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Wildlife in the Arctic

Wildlife in the Arctic The Polar Bear A symbol of the power and fragility of the Far North, the polar bear is a source of fascination for its immaculate fur coat, its calm elegance and its mysterious aura. While the Lord of the Ice weighs just a few hundred grams at birth, a fully grown male can weigh 700 kg and is relatively solitary, endlessly roaming the ice of the Arctic Circle in search of ideal hunting and fishing sites. An excellent swimmer, its webbed feet which allow it to venture into deep water, and its fur is adapted to underwater excursions, providing protection against temperatures as low as -40°C. The Brown Bear Alaska is the archetype of wild lands and is one of the great unspoilt regions of the world. It is no surprise that the brown bear has made its home there. A distant cousin of the grizzly, the brown bear is easily recognised by its imposing size and its brown fur. The arrival of summer is the wake-up call for brown bears; the crystal lakes and streams are their main larder, especially during the salmon spawning season. The abundance of food at this time brings them out of their hiding places, making it easier to observe them – particularly the mothers and their winter-born cubs. The Orca A member of the dolphin family, this master of the oceans is without doubt the most emblematic mammal of the Arctic waters. Orcas generally live in groups of up to 30 members, can reach 9 metres in length and their markings are very distinctive with an entirely black back, a white belly and a white patch above the eye. Their powerful body is topped with a fin, the shape of which varies, taking the form of an isosceles triangle or curved according to gender, making it possible to identify male and female specimens. Audacious and agile, they will happily swim in the wake left by your ship during your cruise. The Arctic Fox Also called snow fox, the Arctic fox is perfectly adapted to Arctic life. With short, rounded ears that limit heat loss, this small canine is a master at the art of camouflage. In winter, its thick white coat enables it to blend into the snow-covered landscapes of the Far North, while in summer its greyish coat allows it to roam around the tundra without drawing attention. Scandinavian legend tells that the Arctic fox brings the Aurora Borealis, the spectacular light show that illuminates the sky during polar nights. In ancient Finnish, Aurora Borealis means "fox fire". The Bald Eagle The fascinating, emblematic and surprising bald eagle nests in the heart of Canada’s forests near large bodies of water. Its immaculate white head and tail, which contrast with the dark brown of the rest of its plumage, distinguish this proud and wild bird from other eagles. The bald eagle is fond of community life and mates for life. During your cruise, you might have the privilege of admiring the unique spectacle of this great lord of the Canadian skies as it circles above the towns and cities without ever really approaching them. The Sea Otter The sea otter, with its long, streamlined body and thick brown fur, is the smallest marine mammal in the world. If this charming little rodent prefers to live near the shore in shallower waters with rocky beds, this is more because of its dietary preferences than any fear of the open sea. The sea otter feeds on crabs, sea urchins and fish. Sea otters can be found floating gently on their backs or wrapped around giant seaweeds, which help hold them in place while they feed or sleep. 40 | Summer 2018 / Winter 2018 - 2019 Cruises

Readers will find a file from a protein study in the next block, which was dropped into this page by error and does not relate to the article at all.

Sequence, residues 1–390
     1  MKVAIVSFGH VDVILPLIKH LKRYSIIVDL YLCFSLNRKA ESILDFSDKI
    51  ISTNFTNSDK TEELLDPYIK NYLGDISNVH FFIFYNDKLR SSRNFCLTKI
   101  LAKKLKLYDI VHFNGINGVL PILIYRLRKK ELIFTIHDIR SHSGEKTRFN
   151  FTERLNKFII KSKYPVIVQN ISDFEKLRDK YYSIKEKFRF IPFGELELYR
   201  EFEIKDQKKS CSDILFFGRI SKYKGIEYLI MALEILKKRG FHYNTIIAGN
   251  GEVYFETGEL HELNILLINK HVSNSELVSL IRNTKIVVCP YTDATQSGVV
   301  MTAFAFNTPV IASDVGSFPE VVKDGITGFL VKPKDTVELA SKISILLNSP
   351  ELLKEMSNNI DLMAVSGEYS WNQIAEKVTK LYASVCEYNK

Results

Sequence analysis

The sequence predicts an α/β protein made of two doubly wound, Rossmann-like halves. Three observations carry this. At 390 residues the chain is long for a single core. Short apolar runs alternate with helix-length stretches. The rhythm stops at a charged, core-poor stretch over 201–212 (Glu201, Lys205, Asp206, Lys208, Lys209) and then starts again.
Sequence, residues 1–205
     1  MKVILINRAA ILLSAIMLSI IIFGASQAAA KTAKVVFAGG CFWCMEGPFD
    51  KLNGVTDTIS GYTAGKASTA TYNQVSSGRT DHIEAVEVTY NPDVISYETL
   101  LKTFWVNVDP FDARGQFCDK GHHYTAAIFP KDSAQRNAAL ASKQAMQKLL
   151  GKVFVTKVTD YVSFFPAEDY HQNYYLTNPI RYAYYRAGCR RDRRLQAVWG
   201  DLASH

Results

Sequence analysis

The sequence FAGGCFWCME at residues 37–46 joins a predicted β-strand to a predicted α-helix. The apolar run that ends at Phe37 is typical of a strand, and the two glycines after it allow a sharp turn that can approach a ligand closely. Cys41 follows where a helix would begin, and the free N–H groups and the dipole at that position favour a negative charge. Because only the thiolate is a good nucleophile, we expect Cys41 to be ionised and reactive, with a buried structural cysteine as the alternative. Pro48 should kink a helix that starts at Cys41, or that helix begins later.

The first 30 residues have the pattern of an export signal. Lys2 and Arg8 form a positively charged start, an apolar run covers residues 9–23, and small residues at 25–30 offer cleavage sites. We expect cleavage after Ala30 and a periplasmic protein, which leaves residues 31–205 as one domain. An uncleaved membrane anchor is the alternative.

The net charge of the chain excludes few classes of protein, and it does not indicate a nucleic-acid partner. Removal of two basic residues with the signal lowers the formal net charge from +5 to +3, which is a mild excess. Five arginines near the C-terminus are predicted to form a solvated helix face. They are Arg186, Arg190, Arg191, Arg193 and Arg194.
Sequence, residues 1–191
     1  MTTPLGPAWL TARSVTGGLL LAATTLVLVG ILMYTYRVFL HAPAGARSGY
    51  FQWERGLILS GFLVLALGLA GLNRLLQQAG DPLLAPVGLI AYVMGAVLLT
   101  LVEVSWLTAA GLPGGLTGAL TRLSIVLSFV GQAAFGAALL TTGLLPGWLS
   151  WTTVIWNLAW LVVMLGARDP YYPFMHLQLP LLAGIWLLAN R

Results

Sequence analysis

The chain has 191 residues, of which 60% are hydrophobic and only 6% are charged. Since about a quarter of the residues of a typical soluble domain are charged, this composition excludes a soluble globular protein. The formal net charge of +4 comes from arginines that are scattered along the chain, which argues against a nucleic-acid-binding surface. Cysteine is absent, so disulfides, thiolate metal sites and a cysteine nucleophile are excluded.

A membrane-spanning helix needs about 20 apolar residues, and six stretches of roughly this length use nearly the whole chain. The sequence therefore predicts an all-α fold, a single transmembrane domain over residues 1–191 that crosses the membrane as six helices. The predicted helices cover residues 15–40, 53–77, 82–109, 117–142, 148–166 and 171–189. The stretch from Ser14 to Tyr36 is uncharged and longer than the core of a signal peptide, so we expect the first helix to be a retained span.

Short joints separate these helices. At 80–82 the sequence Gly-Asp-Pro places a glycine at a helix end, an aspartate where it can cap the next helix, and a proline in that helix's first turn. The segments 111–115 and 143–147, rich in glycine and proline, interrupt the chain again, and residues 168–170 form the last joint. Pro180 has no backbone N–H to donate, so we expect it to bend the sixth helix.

1 2 3 4 5 6 1 - Sea Otter 2 - Arctic Fox 3 - Brown Bear 4 - Bald Eagles 5 - Polar Bears 6 - The Orca Arctic Expeditions by | 41